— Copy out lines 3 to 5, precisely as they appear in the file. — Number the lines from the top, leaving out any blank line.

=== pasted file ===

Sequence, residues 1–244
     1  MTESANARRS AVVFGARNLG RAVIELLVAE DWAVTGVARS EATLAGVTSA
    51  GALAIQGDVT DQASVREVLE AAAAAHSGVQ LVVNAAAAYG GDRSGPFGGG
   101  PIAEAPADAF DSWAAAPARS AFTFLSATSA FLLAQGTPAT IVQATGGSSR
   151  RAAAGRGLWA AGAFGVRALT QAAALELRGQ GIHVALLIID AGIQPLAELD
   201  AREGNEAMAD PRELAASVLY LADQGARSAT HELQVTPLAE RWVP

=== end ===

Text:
    51  GALAIQGDVT DQASVREVLE AAAAAHSGVQ LVVNAAAAYG GDRSGPFGGG
   101  PIAEAPADAF DSWAAAPARS AFTFLSATSA FLLAQGTPAT IVQATGGSSR
   151  RAAAGRGLWA AGAFGVRALT QAAALELRGQ GIHVALLIID AGIQPLAELD